Animal cruelty is a criminally prosecuted offense in Utah. Animal rights are protected by various state and federal laws. Any person found to be in violation of these laws – exhibiting cruelty to animals physically or psychologically – can face serious penalties.
Active Cruelty vs. Passive Cruelty
The Utah laws distinguish between active and passive cruelty to animals:
- Active Cruelty: Involves the malicious intent to harm an animal. Can include such actions such as beating an animal, using a whip or chain to hit an animal, throwing an animal from a vehicle, shooting an animal, or otherwise inflicting bodily injury.
- Passive Cruelty: Involves non-violent acts which can harm an animal, such as food or water deprivation, failure to provide appropriate care for sickness or injury, and other forms of neglect.
Active cruelty is a higher degree offense subject to harsher consequences. However, a conviction for either category can result in serious penalties in Salt Lake City, Utah. The government is under pressure by animal rights groups and other interested parties to enforce harsh penalties in such cases.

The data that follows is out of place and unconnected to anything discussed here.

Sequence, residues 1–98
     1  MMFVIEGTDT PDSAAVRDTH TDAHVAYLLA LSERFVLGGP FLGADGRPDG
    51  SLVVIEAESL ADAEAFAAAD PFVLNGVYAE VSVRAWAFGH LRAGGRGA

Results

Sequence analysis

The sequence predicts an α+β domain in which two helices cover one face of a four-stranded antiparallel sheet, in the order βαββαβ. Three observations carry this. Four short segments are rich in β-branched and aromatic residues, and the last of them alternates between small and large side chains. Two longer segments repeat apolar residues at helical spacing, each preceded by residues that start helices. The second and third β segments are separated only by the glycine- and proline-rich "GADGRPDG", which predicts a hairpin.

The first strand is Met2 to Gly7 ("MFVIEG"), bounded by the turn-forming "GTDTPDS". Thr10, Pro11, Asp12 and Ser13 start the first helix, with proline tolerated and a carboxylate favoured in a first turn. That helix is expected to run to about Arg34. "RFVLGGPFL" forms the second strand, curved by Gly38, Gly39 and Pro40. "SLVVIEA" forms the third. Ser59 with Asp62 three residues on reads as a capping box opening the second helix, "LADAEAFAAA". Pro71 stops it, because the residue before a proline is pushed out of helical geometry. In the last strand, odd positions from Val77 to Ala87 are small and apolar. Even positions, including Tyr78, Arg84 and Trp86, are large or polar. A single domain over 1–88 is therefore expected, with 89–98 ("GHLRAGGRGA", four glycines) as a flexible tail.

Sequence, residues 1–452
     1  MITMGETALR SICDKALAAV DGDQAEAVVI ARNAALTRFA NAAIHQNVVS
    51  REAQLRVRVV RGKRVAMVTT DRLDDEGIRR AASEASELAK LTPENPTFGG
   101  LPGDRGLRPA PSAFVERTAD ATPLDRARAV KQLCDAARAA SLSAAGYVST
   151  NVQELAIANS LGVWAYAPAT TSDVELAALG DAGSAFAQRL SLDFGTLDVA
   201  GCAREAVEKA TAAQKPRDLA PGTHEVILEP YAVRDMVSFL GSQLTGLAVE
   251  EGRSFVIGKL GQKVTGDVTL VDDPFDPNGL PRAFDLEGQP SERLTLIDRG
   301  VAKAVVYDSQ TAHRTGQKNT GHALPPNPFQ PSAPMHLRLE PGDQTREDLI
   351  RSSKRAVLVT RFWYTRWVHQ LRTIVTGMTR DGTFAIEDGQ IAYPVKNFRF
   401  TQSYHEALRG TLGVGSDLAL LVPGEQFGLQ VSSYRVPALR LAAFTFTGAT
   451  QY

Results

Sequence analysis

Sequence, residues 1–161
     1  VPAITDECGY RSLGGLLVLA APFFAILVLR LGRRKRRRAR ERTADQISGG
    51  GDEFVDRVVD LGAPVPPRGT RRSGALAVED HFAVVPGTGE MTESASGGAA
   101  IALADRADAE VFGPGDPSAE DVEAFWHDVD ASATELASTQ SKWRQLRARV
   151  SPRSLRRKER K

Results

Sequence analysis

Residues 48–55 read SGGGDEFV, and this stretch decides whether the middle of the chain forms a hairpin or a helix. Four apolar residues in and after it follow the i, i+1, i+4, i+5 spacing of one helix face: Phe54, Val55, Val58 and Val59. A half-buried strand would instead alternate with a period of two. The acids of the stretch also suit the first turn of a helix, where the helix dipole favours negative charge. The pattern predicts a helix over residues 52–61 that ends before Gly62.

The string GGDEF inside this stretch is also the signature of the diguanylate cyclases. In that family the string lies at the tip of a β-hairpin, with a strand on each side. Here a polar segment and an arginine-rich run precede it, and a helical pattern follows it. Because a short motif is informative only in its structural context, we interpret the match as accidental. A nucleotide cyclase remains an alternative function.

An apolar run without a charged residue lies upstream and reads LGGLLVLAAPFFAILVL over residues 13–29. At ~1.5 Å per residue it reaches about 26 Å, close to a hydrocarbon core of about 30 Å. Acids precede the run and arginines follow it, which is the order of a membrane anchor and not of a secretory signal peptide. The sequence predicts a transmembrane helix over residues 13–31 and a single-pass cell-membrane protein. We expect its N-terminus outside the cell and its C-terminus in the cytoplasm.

If you are facing charges of animal cruelty, animal abuse, dog fighting or a similar crime, seek representation from a defense attorney who understands the charges and how to build a solid, effective defense. I am attorney Daniel Matern and I have more than 25 years of experience defending people charged with serious offenses. I am skilled at minimizing penalties, negotiating plea agreements, and advocating for clients’ rights at trial.